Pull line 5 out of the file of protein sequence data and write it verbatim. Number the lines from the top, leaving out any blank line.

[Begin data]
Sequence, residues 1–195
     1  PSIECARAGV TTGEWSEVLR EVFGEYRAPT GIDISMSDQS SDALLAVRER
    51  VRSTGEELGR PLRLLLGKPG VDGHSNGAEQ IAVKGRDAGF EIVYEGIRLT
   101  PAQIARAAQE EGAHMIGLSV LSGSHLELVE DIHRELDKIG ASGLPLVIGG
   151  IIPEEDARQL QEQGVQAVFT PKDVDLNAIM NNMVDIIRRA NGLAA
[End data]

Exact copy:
   151  IIPEEDARQL QEQGVQAVFT PKDVDLNAIM NNMVDIIRRA NGLAA